EDAS provides a container monitoring function – application diagnosis that collects data to help you detect problems (such as memory and class conflict) of the applications that are deployed and run inside the Tomcat container. EDAS provides refined statistic summaries for application containers, which collects statistics of the instance where the application runs from a range of dimensions, including JVM heap memory, non-heap memory, class loader, thread, and Tomcat connector. Similar to basic monitoring, container monitoring (application diagnosis) displays application-specific single-host data.
The differences are as follows:
- The monitored object of basic monitoring is ECS instance, whereas that of container monitoring is application container.
- Application diagnosis supports query of diagnostic information in single-host mode rather than cluster mode.
- Basic monitoring has latency, whereas container monitoring is near real-time because statistical computing is not performed on collected data (except memory monitoring data).
To view container details, follow these steps:
Log on to the EDAS console, click Applications in the left-side navigation pane, and click the name of the application in the application list.
Select Application Diagnosis in the left-side navigation pane of the Application Details page.
Select an ECS instance from the ECS Instance (Instance ID/Name/IP) drop-down list.
Click tabs to view the monitoring details of the container.
The application diagnosis page has the following tabs:
Memory: Memory is monitored on a per-instance basis. EDAS provides statistics on the heap memory and non-heap memory of the JVM process of the Tomcat container where the application is located. The Memory tab appears by default after you go to the container diagnosis page. The statistical periods include 30 minutes, 6 hours, 1 day, and 1 week.
Class Loading: Provides real-time information about JAR package loading. When a JAR package of the application has version conflict, you can use this function to easily locate the path to which the JAR package is loaded, which lowers troubleshooting costs.
Thread: Displays the basic information of all threads of the current JVM process, including the thread ID, status, and name. The statistical fields are native information of JVM.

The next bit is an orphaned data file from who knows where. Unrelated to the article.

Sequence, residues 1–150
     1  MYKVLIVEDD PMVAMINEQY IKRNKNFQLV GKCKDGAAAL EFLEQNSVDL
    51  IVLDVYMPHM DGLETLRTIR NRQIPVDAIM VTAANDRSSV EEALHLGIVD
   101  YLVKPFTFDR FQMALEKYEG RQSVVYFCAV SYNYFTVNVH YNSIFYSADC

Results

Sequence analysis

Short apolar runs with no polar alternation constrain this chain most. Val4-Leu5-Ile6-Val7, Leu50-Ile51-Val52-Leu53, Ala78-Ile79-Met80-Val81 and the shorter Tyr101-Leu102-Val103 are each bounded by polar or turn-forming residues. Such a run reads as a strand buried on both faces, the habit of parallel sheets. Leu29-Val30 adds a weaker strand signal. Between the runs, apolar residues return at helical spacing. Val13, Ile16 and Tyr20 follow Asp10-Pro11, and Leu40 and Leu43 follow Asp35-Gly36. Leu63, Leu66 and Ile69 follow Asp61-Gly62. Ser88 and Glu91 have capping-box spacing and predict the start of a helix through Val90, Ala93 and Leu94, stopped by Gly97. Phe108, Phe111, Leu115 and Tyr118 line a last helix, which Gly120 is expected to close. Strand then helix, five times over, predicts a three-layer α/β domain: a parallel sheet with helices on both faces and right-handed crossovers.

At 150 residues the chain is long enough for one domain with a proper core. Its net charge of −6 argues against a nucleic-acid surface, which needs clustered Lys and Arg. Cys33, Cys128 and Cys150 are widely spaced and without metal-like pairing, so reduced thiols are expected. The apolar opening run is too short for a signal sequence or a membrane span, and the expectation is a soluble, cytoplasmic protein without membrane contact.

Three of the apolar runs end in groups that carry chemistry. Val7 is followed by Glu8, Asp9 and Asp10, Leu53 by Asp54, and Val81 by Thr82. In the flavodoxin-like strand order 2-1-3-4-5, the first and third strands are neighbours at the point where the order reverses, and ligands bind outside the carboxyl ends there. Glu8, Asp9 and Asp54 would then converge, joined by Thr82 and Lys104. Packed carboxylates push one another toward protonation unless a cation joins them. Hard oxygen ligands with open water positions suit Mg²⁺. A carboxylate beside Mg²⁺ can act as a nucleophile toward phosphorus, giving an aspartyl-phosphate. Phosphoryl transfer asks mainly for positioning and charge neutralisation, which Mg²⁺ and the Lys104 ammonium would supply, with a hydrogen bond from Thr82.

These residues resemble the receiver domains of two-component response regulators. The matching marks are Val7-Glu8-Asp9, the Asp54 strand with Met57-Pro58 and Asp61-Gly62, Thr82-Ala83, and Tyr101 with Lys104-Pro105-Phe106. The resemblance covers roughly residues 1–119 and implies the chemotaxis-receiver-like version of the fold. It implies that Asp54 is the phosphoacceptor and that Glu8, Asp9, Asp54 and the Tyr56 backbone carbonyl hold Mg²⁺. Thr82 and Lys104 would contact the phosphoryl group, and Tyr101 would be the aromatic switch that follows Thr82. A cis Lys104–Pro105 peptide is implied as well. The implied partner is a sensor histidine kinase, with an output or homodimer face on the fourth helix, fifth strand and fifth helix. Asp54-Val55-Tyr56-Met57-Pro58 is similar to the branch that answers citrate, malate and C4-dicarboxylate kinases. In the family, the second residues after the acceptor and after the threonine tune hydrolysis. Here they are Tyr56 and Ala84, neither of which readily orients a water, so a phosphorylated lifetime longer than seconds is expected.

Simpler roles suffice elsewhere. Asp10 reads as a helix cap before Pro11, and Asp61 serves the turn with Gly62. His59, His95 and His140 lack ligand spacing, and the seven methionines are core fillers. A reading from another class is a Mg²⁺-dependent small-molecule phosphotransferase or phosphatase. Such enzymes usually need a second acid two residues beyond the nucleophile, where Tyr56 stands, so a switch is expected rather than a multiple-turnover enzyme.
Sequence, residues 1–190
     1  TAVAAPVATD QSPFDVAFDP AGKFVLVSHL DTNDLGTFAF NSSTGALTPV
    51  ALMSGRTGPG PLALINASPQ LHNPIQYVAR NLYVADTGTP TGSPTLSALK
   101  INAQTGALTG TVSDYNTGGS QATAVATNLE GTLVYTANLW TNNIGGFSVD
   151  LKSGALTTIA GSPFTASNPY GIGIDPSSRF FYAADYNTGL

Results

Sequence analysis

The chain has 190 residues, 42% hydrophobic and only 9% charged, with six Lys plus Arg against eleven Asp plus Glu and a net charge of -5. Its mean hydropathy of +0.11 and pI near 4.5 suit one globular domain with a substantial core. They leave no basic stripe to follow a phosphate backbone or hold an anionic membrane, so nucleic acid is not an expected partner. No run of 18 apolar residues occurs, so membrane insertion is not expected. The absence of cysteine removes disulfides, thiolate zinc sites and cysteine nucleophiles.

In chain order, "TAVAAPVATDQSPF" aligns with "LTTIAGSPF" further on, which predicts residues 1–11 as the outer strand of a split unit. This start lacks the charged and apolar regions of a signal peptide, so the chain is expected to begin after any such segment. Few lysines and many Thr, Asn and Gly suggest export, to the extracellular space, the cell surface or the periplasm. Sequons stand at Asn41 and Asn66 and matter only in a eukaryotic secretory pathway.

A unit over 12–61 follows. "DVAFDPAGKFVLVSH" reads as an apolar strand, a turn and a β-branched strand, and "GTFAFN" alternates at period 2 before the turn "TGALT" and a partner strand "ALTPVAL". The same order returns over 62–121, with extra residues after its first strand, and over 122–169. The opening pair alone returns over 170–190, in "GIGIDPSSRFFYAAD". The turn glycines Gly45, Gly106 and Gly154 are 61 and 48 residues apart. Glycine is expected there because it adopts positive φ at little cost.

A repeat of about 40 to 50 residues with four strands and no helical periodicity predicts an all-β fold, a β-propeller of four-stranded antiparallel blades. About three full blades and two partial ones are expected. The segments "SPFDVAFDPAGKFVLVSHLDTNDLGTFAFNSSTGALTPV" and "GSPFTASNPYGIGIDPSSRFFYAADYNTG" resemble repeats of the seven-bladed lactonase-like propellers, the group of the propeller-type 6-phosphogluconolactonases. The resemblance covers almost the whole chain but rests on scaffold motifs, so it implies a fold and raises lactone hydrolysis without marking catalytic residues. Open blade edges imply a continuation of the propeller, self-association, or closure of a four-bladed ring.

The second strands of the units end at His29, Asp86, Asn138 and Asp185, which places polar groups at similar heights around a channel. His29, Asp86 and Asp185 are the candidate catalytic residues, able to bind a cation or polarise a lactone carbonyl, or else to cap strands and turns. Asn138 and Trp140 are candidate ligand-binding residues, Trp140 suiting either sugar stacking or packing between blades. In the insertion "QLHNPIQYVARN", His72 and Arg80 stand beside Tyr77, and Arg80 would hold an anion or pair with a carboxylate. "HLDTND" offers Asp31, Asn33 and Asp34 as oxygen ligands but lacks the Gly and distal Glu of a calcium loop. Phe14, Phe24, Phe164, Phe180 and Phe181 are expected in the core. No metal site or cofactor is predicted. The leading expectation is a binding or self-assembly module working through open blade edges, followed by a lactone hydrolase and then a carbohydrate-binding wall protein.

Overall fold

Connector: The Tomcat connector is indicated by
<Connector />in the XML configuration of Tomcat. The configuration of each
<Connector />can be considered as a line of pulled information. This view displays the running status of the corresponding connector for the last 10 minutes.
Each connector has a certain number of threads (which forms a thread pool) to process incoming requests. When concurrency or throughput bottlenecks occur, statistics of the processing status of the connector’s thread pool needs to be collected. For example, an HTTP connector has the following XML configuration:
<Connector port="8080" protocol="HTTP/1.1" maxThreads="250" .... />
Click Thread Pool Info in the “Action” field next to the connector. Relevant details are displayed.
The preceding figure shows that the application is almost load-free. If the value of “Busy Thread Count” is close to that of “Thread Pool Max. Value”, the system encounters serious concurrency issue. To solve the problem, scale up the application or optimize the service code.
Object Memory Distribution: Select System Class, Java Primitive Object Class, Class Loading Related, then statistics about number of objects, occupied disk space, and memory usages will be displayed in pie-charts and tables.
- Method Tracking: For details about method tracking, see Method tracking.
- Hot Thread: Provides thread snapshots and statistical analysis of service calls.
- Thread Snapshot: Similar to the jstack command, this command collects stack frames of all threads from the target machines. It identifies the idle threads after obtaining the thread stack, such as HSF，Tomcat，GC. In order to avoid excessive overhead, only 30 threads are retrieved among the rest of threads.
- Service Call Statistics: Performs statistic analysis of the method calls in the application during a period of time, and shows the method calls and call relations ( or call stack). Final results are displayed in tree diagrams and graphs. It highlights your business methods automatically, allowing you to locate the sources of the busiest method calls. This call request will last for about 10 seconds before it returns the results.